And while I very much doubt that cameras are going to be allowed on factory farms any time soon, I think the last point is an important one for our other affairs that are not wholey conducted within giant metal boxes with artificial suns.

I don't see a lot of easy political solutions for a lot of our problems, but if one thing is capable of democratizing shame, I still have faith in the Internet. While right now it is being used for people to simply reaffirm their own opinion biases, I have faith that the pendulum will swing back, that we'll find a way to shine light in the embarrassing corners of evil done under either corporate or government skirts.

I dream of the day where earth shattering scandals and unearthed skeletons are no longer be dished by men in dark parking garages, but by a comic picture of a cat with a pithy but eviscerating caption.

Video Games

So here is some neat stuff I saw at PAX:


Jason and I stared at this game for about a full minute, and had no idea what it was, or what was going on, but we understood it to be beautiful.

It was then pointed out to me that it was actually a top down 2d shooter game, but like the food surely served in dog heaven, it makes it's own music and beauty as it is played.

In any case, it is free, magnificent, and short.

Spy Party

By far the bell of the indie ball was the game Spy Party. An ingenious player vs player game where one person plays a spy mingling in a 3d cocktail party, trying to blend in with the dozen or so NPCs, the other player plays a sniper with a view from across the way, who is trying to sort the spy out from the computer people. A reverse turing test with a laser sight.

It is just a really clever concept with very intense gameplay, intense concentration and perception on the sniper's part and forced casual patience on the spy's part. No playable demo yet, but with all the excitement about this game I wouldn't be surprised to see it get picked up by a big publisher.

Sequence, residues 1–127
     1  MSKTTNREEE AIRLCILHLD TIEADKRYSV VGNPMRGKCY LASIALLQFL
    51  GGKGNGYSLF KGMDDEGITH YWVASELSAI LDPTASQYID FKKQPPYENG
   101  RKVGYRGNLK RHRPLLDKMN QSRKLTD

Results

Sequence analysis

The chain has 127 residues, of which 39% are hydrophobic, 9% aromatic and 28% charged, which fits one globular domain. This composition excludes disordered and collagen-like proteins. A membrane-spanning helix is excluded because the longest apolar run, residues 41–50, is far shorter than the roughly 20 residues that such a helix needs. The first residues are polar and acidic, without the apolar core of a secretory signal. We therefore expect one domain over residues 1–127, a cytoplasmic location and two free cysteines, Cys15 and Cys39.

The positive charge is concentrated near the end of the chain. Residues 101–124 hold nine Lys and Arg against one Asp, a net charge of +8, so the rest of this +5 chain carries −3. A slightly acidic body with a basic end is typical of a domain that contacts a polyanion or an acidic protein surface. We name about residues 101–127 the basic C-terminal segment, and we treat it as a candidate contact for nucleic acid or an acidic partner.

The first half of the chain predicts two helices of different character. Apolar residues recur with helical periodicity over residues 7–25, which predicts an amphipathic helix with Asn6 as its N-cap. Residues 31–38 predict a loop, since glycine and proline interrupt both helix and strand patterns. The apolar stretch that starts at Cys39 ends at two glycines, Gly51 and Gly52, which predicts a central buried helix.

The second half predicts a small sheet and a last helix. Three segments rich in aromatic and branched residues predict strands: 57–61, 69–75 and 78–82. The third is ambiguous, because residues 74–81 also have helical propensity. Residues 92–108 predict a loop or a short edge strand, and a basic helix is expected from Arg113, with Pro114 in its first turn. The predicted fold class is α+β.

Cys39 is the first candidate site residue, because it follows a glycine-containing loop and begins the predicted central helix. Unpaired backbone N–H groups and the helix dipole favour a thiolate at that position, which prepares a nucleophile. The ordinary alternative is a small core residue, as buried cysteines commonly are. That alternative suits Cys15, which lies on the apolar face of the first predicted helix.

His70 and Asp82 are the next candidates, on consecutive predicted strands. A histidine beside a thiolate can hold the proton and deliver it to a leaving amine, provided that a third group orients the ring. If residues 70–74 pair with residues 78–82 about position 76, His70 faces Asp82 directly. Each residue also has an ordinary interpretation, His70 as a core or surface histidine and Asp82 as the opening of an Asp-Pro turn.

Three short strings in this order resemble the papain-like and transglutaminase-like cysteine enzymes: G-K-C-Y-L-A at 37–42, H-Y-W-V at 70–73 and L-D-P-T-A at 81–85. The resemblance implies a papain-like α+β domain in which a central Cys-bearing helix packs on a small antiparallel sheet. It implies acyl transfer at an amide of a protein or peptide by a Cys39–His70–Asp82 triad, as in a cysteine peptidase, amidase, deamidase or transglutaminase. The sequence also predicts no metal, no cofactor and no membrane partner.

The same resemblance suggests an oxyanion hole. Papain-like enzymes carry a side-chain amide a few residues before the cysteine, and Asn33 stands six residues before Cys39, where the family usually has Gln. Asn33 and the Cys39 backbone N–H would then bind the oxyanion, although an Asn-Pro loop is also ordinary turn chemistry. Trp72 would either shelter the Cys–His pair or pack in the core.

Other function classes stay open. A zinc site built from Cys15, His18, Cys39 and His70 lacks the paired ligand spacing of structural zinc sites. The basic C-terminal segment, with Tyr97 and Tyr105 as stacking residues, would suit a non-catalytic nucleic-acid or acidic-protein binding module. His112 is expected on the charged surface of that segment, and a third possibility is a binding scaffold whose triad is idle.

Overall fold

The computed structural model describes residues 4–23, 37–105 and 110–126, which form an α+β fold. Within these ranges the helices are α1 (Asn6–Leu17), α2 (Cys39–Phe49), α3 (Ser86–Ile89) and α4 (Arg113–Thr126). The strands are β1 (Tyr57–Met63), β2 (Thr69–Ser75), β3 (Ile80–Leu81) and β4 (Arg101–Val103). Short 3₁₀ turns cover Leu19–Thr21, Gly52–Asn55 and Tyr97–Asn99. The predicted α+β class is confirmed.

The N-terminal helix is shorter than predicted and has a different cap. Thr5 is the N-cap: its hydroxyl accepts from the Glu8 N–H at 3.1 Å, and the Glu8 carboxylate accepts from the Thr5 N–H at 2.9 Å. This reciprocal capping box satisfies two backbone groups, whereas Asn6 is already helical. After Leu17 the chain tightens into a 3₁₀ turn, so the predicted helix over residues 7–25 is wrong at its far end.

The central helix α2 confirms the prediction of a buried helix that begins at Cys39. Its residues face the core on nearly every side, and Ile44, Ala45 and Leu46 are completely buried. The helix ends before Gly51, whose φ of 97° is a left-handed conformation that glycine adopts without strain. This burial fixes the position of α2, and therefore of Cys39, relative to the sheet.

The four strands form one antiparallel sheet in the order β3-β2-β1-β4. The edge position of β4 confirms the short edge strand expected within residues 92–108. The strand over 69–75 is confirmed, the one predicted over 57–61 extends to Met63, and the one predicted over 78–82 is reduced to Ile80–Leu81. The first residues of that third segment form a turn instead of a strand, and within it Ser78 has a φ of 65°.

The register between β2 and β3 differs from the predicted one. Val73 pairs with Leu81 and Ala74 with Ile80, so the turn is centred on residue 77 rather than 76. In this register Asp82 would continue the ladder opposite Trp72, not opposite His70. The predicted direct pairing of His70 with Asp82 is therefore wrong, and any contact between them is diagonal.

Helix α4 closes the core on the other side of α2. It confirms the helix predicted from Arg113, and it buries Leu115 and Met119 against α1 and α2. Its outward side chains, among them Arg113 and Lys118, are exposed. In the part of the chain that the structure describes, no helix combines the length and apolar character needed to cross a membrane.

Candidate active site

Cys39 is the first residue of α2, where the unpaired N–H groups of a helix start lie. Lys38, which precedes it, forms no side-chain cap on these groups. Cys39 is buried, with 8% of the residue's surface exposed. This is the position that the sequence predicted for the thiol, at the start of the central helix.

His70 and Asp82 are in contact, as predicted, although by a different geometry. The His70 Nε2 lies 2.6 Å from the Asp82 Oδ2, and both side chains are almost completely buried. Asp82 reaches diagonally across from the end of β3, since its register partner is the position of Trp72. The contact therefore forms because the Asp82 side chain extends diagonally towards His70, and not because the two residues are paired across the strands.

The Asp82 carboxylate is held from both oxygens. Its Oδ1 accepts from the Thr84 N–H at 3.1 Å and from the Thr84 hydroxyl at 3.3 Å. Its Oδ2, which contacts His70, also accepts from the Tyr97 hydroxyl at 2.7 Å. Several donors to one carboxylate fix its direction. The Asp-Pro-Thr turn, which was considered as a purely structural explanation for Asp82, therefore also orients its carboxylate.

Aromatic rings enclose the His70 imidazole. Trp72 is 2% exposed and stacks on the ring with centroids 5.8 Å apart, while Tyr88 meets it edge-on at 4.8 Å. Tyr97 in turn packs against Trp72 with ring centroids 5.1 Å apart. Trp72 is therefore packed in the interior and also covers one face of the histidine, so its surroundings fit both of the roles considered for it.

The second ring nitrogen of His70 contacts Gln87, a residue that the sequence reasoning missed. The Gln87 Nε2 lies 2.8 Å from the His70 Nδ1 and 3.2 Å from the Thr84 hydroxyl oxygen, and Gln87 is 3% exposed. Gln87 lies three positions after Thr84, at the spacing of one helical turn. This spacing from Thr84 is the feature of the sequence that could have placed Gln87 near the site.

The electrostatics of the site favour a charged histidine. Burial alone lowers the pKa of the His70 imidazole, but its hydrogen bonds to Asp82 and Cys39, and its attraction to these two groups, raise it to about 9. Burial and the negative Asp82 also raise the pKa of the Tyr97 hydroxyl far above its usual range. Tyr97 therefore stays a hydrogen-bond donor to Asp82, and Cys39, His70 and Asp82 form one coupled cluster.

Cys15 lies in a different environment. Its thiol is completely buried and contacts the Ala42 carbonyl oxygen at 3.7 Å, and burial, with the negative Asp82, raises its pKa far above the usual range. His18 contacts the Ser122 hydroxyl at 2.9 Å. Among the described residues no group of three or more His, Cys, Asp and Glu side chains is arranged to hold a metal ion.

Portal 2

Pretty much the only thing I waited in line for, and it was amazing. They demo'd the 2 player co-op, and it looked like a lot of fun. Best moment was when one of the two robots did something that killed the other, after a new robot was dispensed the demoer insisted they hug and make up so they could trust one another again. Sounds like the sequel be a more respectable length, and they've added a lot of fun new level tools. Very excited about this game, expect it Feb 2010.

Civilization 5

While I didn't actually go to their booth, I played it last night with the wife. We've been playing Civ together since Civ 2 Gold, and are both hardcore Sid Meyer's junkies. If CPS takes our kid in the next month you know why.

That said, the game is solid. I had a few arched eyebrow moments where some basic mechanics from the franchise have been removed (e.g. Gold/Science slider), and while I thought I enjoyed fiddling with that sort of stuff, the truth of it is is that I enjoyed doing everything else in the game more.

They've done away with the "switching civics", and instead you now construct your own civics piecemeal from a buffet of options. This is a great example of game designers learning from human psychology, the old system of having to accept a negative to gain a positive interacts directly with the risk bias most people show, retooling it to be all completely "good things" you choose between feels much more like a belly rub and each opportunity to add one feels like christmas morning and less like a 10 hour budget balancing session on CSPAN.

The new combat system is fun, although we've really only been in simple skirmishes with barbarians, and we hadn't quite gotten the hang of the fact that our units can now just go walk on the water when they want to travel someplace, but for now it is just a solid Civ game.

And while the game crashed immediately when I tried to play it in the recommended DirectX 10 mode, it chugged along fine with DirectX 9 instead, which is a marked improvement over the launch of Civ 4.

In closing, if you want an antidote to most games, give Pigeons in the Park a try. It is free, takes about 5 minutes, and is an interesting take on what games could be like.